As a reviewer, I have the privilege of working 2 days per week at home. I enjoyed this independence so much that I refused a promotion to team leader once. To be a team leader, you will not be able to work at home. You will be required to attend meetings both in-house and with representatives of Pharmaceutical firms every week. In addition you need to supervise six or more chemistry reviewers. However, the second time another opportunity arised, my co-reviewers and supervisor insisted I should apply since I am the best qualified. I did and in 1997, I became a Chemistry Team Leader. As far as I knew, I was the first Filipino-American to attained this position in the history of FDA.

As team leader, I was responsible for prioritizing, assigning, and assuring the technical accuracy of all chemistry, manufacturing and control issues for all new drug applications submitted to the Division of Anti-Infective Drug Products, Center of New Drugs. It was also my responsibility to give advice, instruct and promote high morale and teamwork in my group.

In 1998, I won the Equal Employment Opportunity (EEO) Award. The citation reads, “For outstanding accomplishments in fostering the objectives of the EEO Program by hiring minorities and encouraging their professional growth while providing excellent leadership.” The award was the result of my hiring the first Black-American chemist in the Division.

I have received numerous certificates of appreciation, awards in leadership and communications, commendation for teamwork and excellence in the accomplishment of the FDA mission. I have also received several letters of appreciation from private industry for my review work.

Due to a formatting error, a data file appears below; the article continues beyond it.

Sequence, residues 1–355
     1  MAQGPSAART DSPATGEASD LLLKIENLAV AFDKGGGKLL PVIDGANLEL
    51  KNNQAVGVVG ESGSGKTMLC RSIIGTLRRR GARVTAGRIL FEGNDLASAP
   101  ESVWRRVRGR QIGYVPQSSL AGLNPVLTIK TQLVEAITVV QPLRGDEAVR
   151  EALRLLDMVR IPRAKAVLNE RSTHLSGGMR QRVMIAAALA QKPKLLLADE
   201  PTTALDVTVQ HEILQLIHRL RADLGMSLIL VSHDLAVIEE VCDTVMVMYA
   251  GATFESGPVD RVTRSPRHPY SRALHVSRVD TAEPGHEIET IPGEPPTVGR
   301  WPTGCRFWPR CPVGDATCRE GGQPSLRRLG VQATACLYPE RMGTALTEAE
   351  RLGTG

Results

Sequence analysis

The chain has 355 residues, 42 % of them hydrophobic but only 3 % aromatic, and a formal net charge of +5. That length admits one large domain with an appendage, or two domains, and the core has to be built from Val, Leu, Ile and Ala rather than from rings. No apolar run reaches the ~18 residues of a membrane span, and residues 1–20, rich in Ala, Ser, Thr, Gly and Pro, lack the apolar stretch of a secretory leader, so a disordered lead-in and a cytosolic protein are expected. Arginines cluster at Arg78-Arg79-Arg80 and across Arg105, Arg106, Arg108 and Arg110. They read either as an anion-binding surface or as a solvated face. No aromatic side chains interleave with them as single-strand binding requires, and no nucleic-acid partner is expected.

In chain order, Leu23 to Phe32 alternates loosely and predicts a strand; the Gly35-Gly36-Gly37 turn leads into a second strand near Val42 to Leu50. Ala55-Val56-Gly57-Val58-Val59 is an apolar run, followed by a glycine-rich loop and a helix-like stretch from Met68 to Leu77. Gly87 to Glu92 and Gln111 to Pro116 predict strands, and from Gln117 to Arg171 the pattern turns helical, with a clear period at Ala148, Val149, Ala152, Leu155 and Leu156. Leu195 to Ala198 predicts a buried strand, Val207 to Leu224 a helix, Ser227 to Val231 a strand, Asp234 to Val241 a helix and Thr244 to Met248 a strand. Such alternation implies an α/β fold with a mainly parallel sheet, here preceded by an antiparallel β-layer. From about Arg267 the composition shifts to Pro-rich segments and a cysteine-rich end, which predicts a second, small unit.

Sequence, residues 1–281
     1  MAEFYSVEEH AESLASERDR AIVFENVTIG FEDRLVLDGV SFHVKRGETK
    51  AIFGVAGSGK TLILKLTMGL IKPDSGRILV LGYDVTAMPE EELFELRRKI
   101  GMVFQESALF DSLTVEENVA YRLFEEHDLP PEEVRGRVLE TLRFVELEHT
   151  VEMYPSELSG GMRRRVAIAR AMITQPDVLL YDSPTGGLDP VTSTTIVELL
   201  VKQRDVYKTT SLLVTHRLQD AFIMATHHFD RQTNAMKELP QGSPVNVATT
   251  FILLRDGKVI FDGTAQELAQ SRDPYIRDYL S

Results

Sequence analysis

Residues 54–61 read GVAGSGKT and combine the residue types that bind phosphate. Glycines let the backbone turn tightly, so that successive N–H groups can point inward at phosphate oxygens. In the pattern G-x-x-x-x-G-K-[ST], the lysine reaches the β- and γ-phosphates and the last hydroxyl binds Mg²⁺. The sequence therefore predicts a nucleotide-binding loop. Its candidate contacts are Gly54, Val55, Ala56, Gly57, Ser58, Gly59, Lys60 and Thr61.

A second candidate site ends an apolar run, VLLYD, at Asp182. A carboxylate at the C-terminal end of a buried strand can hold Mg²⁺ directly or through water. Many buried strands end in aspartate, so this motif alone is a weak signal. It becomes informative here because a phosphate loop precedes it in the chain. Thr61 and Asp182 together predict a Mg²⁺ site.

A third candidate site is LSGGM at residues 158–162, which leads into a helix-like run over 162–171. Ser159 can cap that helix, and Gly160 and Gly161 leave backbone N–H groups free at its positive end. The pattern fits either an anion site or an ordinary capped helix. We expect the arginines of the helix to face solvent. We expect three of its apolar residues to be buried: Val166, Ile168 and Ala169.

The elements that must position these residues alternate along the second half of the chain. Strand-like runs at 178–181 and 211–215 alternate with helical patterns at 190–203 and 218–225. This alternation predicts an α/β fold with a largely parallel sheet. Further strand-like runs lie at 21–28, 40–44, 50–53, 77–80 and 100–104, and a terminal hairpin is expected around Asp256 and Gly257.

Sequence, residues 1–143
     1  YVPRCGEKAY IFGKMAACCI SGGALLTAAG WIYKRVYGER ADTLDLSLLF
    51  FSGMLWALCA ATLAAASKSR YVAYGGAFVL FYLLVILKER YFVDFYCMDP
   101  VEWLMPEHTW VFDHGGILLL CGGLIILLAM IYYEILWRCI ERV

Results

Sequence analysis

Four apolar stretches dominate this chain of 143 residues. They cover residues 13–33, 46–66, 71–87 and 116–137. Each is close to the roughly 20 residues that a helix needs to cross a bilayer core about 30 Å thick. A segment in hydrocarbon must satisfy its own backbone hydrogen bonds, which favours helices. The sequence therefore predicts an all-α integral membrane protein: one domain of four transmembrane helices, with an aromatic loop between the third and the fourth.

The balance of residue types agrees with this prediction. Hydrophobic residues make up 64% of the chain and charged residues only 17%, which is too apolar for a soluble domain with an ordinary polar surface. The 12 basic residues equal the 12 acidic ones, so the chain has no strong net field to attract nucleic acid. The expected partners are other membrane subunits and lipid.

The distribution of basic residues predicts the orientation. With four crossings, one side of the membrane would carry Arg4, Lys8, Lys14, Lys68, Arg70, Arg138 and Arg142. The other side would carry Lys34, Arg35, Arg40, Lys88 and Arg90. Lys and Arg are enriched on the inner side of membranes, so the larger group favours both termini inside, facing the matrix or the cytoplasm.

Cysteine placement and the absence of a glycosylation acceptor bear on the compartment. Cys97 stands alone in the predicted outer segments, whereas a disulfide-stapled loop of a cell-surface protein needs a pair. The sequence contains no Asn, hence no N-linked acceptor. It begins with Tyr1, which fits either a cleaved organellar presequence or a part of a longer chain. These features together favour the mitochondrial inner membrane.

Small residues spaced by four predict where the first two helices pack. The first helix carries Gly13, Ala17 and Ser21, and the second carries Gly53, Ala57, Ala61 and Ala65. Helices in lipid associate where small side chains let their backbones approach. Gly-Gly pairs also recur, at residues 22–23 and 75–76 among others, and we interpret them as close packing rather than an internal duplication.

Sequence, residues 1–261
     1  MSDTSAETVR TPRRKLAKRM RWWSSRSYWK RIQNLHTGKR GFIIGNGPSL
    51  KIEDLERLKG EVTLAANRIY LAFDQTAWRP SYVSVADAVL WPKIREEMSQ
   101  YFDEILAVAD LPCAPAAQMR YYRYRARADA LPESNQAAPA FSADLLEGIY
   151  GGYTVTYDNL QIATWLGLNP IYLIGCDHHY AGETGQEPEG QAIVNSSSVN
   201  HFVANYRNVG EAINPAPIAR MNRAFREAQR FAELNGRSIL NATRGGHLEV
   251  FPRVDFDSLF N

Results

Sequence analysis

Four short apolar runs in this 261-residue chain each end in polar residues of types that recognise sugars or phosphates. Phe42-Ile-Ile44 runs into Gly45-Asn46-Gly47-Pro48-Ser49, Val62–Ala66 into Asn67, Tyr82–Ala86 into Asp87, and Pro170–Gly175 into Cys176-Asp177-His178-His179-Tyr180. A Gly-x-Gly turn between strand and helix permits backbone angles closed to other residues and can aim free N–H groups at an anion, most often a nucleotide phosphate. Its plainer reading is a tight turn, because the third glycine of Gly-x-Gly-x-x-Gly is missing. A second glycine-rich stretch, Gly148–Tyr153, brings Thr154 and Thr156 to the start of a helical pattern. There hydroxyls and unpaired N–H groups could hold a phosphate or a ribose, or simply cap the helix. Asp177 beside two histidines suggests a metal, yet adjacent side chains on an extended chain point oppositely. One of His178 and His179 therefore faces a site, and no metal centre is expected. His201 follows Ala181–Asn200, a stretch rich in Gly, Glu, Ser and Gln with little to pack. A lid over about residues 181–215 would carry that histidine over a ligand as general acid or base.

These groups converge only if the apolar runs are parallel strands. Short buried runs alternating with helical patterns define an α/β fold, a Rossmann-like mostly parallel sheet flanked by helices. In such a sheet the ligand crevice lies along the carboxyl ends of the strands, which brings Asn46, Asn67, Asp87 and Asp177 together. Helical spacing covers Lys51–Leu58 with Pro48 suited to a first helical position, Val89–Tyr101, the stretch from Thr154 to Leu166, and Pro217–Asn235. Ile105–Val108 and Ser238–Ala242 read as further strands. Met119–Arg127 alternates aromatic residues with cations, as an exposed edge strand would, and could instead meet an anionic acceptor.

There is nothing wrong with working alone, if you enjoyed your job. It is even better if you like your immediate supervisor. Working alone develops your skill in goal setting and scheduling. But in general, the monetary rewards is much lower than a person who has supervisory responsibilities.

Managing the works of others is not easy. However, it develops your skill to be more people-oriented and the monetary rewards are great. It is more stressful, more work and responsibility than working alone. But a supervisory job give more personal growth and satisfaction from my personal experience. My work in FDA as a team leader managing the work of six scientists had been the happiest and the most rewarding experience in my life.